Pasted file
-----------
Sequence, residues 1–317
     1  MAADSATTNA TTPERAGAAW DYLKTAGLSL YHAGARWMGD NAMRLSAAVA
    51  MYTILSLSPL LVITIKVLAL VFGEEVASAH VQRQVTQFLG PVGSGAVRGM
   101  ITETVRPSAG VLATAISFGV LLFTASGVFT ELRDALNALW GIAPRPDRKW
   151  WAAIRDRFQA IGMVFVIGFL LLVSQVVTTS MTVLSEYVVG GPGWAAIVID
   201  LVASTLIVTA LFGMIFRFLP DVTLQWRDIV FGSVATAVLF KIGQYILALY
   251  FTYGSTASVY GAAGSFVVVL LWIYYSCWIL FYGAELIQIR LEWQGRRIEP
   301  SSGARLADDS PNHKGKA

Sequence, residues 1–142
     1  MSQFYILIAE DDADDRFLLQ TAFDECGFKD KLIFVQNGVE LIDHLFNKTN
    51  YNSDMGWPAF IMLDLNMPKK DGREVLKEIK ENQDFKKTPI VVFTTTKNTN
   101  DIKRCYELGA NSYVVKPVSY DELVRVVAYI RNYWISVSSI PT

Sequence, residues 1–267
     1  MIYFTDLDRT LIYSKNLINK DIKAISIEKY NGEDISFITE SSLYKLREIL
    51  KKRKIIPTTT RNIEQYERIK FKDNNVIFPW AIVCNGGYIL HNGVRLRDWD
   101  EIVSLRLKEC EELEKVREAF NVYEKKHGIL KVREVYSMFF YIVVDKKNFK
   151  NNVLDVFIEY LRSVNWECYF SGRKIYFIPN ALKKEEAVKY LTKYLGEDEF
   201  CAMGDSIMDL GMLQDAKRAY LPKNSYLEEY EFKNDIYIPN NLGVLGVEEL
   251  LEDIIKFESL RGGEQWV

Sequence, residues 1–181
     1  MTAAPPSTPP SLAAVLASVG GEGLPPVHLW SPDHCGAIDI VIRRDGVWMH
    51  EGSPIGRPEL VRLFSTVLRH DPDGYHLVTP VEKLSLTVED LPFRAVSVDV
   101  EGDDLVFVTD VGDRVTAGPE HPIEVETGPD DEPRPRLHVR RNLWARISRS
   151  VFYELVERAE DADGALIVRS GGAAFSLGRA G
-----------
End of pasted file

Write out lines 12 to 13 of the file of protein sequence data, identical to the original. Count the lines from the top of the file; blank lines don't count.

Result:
   101  DIKRCYELGA NSYVVKPVSY DELVRVVAYI RNYWISVSSI PT

Sequence, residues 1–267